For the first round of the 1971 playoffs, the new-look Leafs were pitted against the New York Rangers, a powerhouse team at the time. Although the Leafs put up stiff resistance, the Rangers won the bitterly contested series four games to two, which was highlighted by one of the wildest scenes involving hockey players in a long while. In Game 2 of the series, in one of the many fights that took place, the Rangers’ Vic Hadfield tossed Bernie Parent’s mask into the Madison Square Garden’s hostile crowd. Leafs executive King Clancy bravely, but vainly appealed to the partisan fans to return the mask, which was never seen again.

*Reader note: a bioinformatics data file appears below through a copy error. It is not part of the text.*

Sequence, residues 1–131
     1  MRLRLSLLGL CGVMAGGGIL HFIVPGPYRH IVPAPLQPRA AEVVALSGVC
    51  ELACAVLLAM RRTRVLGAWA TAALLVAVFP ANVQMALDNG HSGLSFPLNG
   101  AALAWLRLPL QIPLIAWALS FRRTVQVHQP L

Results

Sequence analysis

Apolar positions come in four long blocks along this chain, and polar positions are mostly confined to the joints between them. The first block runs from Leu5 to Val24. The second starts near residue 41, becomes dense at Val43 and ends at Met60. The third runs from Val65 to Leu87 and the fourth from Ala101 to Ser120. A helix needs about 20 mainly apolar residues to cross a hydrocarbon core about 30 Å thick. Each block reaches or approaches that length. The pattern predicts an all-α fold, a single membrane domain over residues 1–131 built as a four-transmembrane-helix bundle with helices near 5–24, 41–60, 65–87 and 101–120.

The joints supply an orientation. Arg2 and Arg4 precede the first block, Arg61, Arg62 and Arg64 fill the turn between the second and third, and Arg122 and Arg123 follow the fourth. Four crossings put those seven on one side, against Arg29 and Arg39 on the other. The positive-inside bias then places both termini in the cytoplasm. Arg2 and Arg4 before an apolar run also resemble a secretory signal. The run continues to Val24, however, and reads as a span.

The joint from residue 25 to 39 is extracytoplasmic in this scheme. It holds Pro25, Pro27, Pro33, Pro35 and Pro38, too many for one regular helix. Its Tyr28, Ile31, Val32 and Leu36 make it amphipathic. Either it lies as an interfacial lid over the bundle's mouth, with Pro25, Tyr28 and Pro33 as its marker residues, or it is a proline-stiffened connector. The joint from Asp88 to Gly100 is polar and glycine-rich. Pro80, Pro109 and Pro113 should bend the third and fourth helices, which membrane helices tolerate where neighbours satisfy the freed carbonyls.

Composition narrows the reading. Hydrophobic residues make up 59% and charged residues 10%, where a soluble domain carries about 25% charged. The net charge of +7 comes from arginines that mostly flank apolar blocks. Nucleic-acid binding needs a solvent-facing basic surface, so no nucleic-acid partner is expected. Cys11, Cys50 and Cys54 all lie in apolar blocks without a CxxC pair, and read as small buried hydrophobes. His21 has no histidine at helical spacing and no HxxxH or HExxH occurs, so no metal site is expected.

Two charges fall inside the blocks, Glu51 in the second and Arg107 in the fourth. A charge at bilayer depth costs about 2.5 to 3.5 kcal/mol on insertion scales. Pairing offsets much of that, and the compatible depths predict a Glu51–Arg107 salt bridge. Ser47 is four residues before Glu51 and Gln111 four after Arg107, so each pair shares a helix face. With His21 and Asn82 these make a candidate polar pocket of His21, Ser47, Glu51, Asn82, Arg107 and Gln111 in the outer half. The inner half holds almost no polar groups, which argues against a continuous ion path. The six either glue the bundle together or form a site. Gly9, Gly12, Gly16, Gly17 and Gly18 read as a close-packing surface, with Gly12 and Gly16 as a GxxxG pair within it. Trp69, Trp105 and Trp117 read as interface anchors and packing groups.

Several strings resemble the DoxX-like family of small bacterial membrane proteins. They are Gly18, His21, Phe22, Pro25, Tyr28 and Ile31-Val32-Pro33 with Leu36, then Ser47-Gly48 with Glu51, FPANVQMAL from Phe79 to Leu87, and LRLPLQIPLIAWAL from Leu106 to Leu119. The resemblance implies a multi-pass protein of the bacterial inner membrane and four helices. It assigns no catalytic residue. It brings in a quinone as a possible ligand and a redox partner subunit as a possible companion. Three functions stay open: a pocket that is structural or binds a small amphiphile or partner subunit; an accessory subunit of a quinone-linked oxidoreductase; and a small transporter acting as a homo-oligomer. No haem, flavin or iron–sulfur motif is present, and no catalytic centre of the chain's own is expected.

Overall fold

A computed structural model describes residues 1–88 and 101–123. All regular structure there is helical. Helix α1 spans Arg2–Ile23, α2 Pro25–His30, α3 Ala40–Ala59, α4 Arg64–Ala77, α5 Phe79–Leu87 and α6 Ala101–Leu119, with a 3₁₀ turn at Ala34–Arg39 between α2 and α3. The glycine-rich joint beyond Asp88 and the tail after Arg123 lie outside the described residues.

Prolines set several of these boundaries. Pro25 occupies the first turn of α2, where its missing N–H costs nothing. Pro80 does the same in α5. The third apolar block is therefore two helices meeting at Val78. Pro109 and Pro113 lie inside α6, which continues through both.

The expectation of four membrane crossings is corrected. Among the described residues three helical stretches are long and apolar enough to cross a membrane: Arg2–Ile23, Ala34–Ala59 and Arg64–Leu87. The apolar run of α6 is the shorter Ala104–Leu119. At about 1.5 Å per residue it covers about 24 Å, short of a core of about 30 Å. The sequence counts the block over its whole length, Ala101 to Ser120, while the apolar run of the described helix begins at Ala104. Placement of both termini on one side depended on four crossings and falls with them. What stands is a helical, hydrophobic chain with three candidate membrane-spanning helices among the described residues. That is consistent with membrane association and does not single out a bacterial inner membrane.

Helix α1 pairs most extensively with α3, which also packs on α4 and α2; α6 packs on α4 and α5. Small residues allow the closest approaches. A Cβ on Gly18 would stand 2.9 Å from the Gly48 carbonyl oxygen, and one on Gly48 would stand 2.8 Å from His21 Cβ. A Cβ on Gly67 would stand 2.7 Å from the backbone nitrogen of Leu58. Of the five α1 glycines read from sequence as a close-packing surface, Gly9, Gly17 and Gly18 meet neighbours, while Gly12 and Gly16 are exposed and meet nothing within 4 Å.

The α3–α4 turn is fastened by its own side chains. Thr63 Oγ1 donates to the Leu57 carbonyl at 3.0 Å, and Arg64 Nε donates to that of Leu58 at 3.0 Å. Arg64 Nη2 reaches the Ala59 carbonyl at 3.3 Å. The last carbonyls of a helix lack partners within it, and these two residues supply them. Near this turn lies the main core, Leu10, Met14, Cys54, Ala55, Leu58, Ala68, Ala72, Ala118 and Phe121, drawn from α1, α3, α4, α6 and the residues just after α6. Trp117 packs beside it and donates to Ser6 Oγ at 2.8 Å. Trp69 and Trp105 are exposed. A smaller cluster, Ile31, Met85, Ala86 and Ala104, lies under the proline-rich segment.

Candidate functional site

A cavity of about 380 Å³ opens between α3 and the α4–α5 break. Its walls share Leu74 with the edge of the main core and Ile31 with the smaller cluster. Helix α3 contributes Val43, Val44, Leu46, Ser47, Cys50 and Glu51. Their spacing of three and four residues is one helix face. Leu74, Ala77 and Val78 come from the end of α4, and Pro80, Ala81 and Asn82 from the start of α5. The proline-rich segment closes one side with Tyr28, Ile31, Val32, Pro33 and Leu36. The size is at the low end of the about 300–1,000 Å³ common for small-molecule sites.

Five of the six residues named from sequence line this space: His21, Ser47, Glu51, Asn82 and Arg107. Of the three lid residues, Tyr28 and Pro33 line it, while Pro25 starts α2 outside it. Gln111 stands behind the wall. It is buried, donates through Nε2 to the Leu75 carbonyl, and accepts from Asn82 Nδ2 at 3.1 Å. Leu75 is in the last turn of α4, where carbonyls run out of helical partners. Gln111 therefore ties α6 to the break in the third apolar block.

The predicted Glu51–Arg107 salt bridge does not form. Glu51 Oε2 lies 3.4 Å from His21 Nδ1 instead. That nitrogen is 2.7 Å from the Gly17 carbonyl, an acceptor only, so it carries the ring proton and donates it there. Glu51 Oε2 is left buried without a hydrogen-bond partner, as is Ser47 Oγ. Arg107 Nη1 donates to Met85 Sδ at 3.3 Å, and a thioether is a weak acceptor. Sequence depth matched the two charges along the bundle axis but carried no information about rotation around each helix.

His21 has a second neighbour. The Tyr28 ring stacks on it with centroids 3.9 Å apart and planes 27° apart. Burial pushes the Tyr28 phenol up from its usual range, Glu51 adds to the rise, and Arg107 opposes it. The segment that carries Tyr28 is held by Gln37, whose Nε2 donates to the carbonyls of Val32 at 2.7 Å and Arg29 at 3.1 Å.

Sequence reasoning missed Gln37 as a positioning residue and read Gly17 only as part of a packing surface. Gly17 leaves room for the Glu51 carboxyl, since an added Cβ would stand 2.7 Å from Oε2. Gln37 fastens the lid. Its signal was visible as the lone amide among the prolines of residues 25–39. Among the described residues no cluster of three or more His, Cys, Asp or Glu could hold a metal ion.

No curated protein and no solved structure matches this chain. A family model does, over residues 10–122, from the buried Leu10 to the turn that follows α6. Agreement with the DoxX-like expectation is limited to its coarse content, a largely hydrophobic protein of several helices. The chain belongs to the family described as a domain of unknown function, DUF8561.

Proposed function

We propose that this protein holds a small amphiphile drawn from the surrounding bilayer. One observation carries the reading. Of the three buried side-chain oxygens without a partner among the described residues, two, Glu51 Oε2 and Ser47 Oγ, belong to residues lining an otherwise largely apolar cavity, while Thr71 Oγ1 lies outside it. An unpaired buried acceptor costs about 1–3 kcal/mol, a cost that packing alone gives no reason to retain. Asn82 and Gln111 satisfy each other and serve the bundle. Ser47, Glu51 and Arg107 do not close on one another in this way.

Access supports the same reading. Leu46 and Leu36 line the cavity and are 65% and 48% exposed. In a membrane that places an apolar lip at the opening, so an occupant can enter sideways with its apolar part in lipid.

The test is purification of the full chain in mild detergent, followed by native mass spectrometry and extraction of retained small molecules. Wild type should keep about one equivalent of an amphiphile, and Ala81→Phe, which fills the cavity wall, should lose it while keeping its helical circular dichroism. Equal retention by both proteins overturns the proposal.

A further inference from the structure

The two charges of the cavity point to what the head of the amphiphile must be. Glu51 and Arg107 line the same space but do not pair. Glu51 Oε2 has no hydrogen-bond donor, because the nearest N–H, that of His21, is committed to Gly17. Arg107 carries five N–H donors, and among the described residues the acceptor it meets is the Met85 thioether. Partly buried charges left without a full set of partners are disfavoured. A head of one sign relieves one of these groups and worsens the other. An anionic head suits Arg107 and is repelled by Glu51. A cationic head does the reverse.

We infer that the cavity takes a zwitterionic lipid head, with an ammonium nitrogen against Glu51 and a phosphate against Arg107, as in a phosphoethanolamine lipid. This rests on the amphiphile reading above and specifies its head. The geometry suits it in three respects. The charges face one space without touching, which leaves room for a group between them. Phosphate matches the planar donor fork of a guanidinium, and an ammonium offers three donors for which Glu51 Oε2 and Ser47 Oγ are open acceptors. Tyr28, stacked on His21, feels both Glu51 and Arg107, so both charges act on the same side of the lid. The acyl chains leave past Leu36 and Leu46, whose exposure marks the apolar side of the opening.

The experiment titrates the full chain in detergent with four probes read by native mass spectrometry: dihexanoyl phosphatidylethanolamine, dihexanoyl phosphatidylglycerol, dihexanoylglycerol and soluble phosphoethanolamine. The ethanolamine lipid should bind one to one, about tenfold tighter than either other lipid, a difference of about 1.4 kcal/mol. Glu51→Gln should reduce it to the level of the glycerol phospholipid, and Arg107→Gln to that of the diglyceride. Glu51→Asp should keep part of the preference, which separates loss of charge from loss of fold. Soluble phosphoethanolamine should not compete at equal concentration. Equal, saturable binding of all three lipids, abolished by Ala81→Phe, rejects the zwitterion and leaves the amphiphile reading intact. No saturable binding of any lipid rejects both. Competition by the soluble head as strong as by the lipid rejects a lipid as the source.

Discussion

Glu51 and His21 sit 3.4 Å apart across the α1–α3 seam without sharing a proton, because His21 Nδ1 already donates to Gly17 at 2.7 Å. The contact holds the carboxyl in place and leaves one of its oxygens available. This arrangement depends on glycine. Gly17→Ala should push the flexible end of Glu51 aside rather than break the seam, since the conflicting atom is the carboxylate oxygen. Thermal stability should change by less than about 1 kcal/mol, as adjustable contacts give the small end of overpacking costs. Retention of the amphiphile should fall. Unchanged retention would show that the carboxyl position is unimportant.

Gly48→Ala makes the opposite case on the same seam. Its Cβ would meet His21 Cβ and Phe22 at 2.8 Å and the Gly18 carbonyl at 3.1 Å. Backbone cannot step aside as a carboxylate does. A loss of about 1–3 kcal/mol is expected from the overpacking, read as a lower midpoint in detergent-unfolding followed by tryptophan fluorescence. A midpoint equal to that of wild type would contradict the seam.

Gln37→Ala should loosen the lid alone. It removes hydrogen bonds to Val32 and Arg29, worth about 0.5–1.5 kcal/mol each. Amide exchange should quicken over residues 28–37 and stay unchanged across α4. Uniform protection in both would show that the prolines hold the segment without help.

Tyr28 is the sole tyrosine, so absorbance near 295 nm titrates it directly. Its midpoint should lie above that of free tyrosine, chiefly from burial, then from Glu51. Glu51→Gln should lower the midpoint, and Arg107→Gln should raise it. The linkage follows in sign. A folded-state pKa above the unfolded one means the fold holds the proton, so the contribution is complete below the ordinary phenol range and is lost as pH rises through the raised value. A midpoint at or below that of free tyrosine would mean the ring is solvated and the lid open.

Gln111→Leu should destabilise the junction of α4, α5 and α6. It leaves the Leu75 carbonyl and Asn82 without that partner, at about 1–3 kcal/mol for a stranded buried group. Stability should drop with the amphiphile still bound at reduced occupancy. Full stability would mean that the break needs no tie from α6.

The following year it was the eventual Cup winning Boston Bruins who ended the Leafs 1971-72 season in the first round. But, for all their success and promise on the ice, things were starting to unravel off the ice. Leafs president Stafford Smythe and vice president Harold Ballard were arrested and charged for tax evasion. Smythe never made it to trial having died in October of 1972, but Harold Ballard was convicted and spent a year in Milhaven Penitentiary. Ballard ran the team from his jail cell having acquired majority ownership after his partner’s death. With Ballard in charge now, the historic Maple Leaf franchise - Canada’s team, made famous by Foster Hewitt, and the winner of 11 Stanley Cups - was on the road to ruin.